Cooperation under anarchy when persons are from different social groups is one thing. When those groups are avowed enemies, it's quite another. The idea that self-governance could promote cooperation between socially distant hostiles seems absurd.
Yet it can, and it has. In the words of John Stuart Mill (1848: 882), “Insecurity paralyzes only when it is such in nature and in degree that no energy of which mankind in general are capable affords any tolerable means of self-protection.” That energy, you will see, is substantial.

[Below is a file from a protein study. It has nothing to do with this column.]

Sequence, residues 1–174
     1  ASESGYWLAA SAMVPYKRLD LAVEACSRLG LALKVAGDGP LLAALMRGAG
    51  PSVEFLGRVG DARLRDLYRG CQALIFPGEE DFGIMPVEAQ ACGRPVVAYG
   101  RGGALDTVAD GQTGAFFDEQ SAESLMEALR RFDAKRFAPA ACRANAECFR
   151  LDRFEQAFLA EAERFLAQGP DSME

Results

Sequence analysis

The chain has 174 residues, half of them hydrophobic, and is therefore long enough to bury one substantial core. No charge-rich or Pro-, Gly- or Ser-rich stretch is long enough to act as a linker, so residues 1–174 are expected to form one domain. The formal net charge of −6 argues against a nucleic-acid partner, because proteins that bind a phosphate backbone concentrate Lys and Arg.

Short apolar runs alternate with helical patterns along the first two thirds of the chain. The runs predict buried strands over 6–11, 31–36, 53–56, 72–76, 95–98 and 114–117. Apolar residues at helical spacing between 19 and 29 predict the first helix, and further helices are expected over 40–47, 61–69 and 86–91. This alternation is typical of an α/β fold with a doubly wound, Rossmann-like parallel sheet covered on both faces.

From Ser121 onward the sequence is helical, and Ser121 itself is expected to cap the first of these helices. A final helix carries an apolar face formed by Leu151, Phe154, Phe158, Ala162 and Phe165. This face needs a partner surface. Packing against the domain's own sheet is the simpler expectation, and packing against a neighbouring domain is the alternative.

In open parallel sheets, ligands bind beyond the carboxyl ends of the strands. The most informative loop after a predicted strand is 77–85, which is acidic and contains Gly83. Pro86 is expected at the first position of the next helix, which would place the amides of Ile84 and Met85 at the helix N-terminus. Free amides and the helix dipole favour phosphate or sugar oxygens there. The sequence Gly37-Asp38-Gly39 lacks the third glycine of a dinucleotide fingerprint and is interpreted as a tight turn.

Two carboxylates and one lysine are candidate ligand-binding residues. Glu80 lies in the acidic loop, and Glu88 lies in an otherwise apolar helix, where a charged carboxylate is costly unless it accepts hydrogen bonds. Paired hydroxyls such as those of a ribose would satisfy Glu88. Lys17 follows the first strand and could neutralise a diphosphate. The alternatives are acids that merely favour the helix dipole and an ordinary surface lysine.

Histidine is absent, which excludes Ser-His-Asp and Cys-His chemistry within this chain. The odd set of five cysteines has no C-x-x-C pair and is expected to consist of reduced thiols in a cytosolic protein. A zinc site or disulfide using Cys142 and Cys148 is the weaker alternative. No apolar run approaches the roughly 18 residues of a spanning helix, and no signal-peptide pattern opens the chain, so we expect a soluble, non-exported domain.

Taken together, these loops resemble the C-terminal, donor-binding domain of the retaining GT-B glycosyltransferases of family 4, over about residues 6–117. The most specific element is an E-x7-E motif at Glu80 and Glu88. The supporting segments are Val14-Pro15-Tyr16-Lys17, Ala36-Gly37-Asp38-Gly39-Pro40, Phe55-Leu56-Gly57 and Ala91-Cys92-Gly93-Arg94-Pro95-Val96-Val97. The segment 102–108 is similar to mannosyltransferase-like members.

This essay examines a significant and long-lasting era of intergroup anarchy among English and Scottish citizens on the Anglo-Scottish border in the sixteenth century. The border people pillaged, plundered, and raided one another as a way of life they called “reiving.” To regulate this system of intergroup banditry and prevent it from degenerating into chaos, border inhabitants developed a self-governing system of cross-border criminal law called the Leges Marchiarum. These “laws of lawlessness” governed all aspects of cross-border interaction and spawned novel institutions of their enforcement, including “days of truce,” bonds, “bawling,” and “trod.”